Improved lines of communication could enhance relations with Montezuma-Cortez Re-1 school officials, and more important, benefit students, according to Ute Mountain Ute leaders.
“We seem to be an afterthought, or in some instances, not even a thought at all,” Ute Mountain Ute education director Tanya Amrine said of local school officials. “That’s really frustrating.”
After the 2015 Indian Policies & Procedures meeting with school officials on Oct. 27, tribal leaders granted a rare interview with Amrine, who serves as a tribal liaison to Re-1 schools. During a 90-minute interview with The Journal, Amrine said tribal officials felt disrespected when Superintendent Alex Carter dismissed a request to open lines of communication.
“Why don’t we as adults figure out a way together so things are more cohesive?” she asked.
At the IPP meeting, Ute Mountain Ute vice-chairman Juanita Plentyholes requested that Re-1 school administrators travel to Towaoc once a week to meet with tribal educational leaders and parents. Carter declined, stating that principals didn’t have time and were needed inside the schools.
Noting principals met outside of their respective schools for district administrative meetings, Amrine subsequently told The Journal that if children were a genuine priority, then Re-1 officials would find a solution to meet the fundamental tribal demand. The effort could help forge greater trust and understanding between the tribe and school system, she said.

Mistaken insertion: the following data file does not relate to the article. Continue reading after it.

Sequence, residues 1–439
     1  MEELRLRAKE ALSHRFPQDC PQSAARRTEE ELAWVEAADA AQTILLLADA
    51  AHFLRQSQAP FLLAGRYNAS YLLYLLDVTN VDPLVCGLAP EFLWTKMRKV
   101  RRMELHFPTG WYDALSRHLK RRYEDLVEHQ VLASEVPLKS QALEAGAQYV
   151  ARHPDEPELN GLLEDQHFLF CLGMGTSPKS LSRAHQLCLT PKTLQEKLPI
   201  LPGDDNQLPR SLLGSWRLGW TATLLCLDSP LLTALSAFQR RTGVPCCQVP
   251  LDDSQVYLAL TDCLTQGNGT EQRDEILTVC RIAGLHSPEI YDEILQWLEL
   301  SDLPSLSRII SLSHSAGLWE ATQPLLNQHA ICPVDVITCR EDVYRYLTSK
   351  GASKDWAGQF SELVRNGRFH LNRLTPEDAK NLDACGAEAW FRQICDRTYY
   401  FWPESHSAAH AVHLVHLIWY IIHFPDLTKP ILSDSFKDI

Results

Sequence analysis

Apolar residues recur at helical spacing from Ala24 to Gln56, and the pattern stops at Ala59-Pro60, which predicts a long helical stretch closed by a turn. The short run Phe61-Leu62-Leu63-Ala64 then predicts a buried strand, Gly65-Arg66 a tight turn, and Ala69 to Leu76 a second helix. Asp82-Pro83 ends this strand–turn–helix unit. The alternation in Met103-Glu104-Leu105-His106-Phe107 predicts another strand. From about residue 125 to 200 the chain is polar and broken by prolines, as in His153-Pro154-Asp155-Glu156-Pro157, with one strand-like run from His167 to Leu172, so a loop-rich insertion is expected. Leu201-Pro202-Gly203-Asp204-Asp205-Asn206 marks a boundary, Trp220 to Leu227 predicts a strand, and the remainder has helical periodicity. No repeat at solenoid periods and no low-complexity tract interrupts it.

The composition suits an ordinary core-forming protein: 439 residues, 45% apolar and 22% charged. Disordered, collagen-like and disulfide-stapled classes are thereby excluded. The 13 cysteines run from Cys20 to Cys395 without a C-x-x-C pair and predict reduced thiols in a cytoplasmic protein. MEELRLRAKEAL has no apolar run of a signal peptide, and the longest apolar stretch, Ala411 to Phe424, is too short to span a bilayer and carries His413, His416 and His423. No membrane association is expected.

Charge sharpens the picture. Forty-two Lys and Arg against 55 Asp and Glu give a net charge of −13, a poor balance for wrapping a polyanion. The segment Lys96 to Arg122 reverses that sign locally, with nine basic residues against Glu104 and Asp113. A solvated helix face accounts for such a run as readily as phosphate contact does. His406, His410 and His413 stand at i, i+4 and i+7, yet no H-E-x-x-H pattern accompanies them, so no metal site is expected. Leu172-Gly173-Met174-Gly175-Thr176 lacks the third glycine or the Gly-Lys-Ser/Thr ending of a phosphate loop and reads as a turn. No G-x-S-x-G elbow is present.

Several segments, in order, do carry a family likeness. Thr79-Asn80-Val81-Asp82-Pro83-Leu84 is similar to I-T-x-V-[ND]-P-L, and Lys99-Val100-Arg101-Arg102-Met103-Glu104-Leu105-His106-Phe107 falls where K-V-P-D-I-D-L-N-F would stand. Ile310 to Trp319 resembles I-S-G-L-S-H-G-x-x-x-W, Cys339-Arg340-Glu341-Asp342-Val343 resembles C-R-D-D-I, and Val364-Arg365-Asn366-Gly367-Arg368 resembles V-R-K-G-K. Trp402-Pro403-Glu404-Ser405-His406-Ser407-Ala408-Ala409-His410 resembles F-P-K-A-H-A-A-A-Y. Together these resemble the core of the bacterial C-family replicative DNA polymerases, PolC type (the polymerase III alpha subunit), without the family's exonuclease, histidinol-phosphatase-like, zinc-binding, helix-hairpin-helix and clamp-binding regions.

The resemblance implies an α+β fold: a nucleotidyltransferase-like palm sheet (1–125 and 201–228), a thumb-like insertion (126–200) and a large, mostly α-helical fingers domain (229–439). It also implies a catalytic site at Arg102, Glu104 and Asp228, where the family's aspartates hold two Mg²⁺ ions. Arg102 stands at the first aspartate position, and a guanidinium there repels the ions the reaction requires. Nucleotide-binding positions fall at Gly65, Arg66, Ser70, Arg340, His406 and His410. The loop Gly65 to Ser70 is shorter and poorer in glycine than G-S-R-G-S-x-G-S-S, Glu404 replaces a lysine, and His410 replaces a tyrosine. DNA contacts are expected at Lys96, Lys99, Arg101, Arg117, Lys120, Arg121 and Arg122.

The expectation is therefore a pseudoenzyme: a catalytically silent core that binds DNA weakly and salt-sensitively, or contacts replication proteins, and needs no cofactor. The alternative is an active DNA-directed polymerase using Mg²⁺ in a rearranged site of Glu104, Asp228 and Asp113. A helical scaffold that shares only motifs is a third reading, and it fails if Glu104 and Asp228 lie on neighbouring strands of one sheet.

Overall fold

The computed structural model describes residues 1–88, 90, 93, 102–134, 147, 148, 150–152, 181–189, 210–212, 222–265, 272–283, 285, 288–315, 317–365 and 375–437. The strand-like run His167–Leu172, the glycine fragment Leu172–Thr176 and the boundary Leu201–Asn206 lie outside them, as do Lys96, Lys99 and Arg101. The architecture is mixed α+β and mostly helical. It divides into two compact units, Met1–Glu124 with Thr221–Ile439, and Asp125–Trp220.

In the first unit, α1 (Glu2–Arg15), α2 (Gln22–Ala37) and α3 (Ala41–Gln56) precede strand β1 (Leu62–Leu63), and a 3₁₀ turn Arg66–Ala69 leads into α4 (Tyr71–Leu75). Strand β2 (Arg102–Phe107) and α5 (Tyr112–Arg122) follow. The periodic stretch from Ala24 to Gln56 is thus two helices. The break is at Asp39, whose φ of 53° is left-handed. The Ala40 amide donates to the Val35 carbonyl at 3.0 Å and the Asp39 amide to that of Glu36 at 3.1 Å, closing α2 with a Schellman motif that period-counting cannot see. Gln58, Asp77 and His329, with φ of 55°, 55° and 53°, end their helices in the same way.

“It would be a very big symbolic gesture,” said Amrine, commending officials at both Southwest Open School and Montezuma-Cortez High School for dispatching a school liaison to the tribe’s education center on a weekly basis.
Adding that the tribe had great working relationships at the state and national levels, Amrine said she was puzzled why school officials were hesitant to improving dialogue.
“As a tribe, we have more political muscle than the Re-1 school district,” said Amrine. “Because of our direct contacts, we could probably help the schools.”
During the interview, Amrine highlighted specific communication breakdowns. Pointing to an elementary school tutoring session last year, Amrine explained that a tribal student was left stranded, all because the school failed to notify tribal transportation officials of a schedule change. In broader terms, Amrine revealed that school officials would often advise tribal officials of a problem student only after the incident had reached a boiling point, arguing that teachers and administrators should be proactive when the first red flag was observed instead of waiting until the confrontation had become unmanageable.
“We want to be apart of the conversation,” said Amrine, insisting that the tribe could only assist in reaching positive outcomes for students, parents and the school if properly informed.
The annual IPP meeting is held to examine inequalities that Native students face at Re-1 schools. Three of the district’s elected board members didn’t attend, and most of the Native parents in attendance had left before public comments were allowed as the two-hour meeting drew to a close.